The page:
I have been writing most of my life. I majored in creative writing in college long ago, but haven’t been serious about it until December 2019. Then I joined Writers Morning Out and thought about it more seriously.

 

I wrote military medical history at Walter Reed Medical Center during Vietnam, and have published three magazines. But personal writing — that which comes from deep within some inner space — is new to me except for college.

 

I finished a chapbook of poetry last year about my 50 years with my wife who passed away in 2016 from Alzheimer’s. I have a screenplay, a nonfiction book in progress, and five autobiographical short stories finished. None are published at this point.

 

I am one-third of the way through my first novel, set in the mountains of northeast Pennsylvania in the 1950s, and I am thoroughly enjoying the experience. I have attempted to be period authentic and have made a point to include historically accurate characters and events throughout the fabric of the story. As the story progresses the characters develop. They and their interaction write the scenes for me. They provide complexity and tension and often point where the story should go next. I still get surprised when that happens.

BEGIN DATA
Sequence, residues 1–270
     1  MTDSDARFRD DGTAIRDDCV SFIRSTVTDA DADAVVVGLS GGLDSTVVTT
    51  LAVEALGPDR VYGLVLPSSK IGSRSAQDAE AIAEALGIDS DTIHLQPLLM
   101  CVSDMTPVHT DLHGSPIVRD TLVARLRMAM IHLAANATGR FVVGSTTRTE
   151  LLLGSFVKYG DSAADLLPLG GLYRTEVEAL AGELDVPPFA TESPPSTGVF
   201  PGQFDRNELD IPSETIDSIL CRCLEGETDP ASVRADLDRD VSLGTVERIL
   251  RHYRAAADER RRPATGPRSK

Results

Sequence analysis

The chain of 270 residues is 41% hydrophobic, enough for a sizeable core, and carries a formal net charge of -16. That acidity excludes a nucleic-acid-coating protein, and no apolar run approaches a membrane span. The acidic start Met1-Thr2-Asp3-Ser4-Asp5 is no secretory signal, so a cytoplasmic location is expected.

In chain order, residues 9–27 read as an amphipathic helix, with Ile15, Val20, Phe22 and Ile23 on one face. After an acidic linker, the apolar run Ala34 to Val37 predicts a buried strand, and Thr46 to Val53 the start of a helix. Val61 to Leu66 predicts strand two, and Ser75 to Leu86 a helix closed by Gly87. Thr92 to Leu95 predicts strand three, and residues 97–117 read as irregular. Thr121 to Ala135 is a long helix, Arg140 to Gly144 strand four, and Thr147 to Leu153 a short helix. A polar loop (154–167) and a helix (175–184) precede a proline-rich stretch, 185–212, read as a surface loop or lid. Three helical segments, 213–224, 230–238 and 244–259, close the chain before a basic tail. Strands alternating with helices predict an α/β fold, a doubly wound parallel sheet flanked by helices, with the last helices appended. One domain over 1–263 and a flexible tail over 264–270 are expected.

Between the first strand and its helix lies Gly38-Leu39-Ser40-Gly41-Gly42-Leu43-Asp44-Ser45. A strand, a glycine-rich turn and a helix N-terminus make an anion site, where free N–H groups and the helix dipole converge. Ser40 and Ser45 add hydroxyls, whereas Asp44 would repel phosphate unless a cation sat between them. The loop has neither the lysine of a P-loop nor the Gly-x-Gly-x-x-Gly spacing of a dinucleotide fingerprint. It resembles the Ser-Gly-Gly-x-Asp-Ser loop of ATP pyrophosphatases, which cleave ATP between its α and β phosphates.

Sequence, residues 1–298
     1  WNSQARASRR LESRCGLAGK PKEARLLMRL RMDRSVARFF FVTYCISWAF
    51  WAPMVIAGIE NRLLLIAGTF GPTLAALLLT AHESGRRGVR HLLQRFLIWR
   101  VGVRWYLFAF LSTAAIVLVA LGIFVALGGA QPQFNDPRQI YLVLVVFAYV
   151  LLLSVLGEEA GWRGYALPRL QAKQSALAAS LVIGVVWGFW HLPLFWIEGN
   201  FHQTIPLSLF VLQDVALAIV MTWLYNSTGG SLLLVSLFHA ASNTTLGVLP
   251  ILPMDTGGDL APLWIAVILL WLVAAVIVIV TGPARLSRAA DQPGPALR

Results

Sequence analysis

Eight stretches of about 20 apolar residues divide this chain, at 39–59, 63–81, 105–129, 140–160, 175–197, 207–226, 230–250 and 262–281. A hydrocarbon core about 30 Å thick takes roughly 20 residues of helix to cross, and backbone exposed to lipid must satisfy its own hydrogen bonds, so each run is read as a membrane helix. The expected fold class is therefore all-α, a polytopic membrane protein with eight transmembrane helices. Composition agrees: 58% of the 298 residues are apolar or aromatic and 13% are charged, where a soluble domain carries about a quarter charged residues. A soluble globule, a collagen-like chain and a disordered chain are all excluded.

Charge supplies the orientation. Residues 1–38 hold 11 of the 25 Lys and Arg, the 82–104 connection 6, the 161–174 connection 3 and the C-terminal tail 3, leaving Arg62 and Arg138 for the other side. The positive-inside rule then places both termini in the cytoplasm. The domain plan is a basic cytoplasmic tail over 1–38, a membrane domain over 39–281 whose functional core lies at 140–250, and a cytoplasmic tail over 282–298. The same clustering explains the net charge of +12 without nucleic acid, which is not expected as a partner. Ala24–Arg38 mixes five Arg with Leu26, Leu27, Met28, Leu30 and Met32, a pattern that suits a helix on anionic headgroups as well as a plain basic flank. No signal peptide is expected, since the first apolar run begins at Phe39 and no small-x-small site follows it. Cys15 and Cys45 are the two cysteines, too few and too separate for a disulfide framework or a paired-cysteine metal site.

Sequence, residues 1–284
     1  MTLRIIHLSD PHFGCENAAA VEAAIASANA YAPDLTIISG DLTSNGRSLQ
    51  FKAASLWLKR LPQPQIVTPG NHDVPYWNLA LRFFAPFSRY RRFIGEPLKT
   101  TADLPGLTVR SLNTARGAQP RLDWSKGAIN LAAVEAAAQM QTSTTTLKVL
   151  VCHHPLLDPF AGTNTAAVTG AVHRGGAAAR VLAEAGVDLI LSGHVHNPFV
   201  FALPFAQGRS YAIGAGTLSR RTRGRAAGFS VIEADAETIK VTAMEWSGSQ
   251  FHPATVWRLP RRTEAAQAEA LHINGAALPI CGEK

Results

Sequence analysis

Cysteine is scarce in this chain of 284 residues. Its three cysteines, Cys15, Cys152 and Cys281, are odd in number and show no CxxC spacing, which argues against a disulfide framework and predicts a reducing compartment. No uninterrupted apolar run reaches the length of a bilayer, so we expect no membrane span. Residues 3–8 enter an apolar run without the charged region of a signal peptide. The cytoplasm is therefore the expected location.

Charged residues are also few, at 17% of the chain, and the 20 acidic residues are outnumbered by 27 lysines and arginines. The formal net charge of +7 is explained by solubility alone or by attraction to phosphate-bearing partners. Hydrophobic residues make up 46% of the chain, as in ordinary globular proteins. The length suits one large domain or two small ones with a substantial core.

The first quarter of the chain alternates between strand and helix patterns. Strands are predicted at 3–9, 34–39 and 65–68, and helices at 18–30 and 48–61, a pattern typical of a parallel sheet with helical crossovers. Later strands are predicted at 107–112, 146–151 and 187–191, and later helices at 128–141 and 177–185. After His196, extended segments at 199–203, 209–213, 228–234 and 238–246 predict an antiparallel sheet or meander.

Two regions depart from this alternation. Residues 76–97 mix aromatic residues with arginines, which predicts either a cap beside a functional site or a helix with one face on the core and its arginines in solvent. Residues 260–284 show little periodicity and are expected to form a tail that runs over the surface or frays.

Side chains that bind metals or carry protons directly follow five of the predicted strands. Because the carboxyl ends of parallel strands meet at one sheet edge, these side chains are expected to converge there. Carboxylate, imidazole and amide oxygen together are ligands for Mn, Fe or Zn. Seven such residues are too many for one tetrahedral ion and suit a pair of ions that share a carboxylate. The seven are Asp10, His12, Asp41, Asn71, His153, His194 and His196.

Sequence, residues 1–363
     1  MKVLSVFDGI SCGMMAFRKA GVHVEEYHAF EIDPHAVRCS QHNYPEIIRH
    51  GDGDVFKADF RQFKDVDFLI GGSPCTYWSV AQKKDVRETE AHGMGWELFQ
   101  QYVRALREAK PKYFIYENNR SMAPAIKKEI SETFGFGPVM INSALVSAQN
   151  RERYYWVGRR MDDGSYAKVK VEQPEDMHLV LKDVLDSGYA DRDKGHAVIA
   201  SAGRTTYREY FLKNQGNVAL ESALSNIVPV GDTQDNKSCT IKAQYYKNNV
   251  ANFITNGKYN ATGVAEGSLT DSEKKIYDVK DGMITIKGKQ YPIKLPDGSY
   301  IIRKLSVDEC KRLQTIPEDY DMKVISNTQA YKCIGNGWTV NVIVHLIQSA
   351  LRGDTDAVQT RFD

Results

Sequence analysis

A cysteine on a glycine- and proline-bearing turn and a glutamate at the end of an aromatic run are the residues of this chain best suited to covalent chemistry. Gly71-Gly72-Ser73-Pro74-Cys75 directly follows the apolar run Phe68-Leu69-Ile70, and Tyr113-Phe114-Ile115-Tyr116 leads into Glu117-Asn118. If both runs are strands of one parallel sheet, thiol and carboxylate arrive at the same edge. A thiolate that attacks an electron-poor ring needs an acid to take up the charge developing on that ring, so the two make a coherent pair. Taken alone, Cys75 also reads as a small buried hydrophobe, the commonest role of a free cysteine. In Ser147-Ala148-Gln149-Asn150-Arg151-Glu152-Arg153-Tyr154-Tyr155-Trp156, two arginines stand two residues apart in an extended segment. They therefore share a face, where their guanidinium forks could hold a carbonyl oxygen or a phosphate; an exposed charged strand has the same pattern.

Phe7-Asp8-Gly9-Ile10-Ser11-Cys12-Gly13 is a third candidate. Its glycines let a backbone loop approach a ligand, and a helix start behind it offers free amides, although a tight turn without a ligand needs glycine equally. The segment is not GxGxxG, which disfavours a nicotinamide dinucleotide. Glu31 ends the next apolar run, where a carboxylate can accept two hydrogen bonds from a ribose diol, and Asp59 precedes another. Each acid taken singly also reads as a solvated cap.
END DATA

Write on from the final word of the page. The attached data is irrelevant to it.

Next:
One of the main characters has gone from a minor character to a central role. Imperfect, troubled by a major mistake in his past, he is trying to negotiate a potential relationship as an older man with a lady he has met. But thirty years of experience threaten to put an unhappy end to that affair if his past activities are fully disclosed.

 

I am still not sure how the book will end but I am providing material for future sequels.

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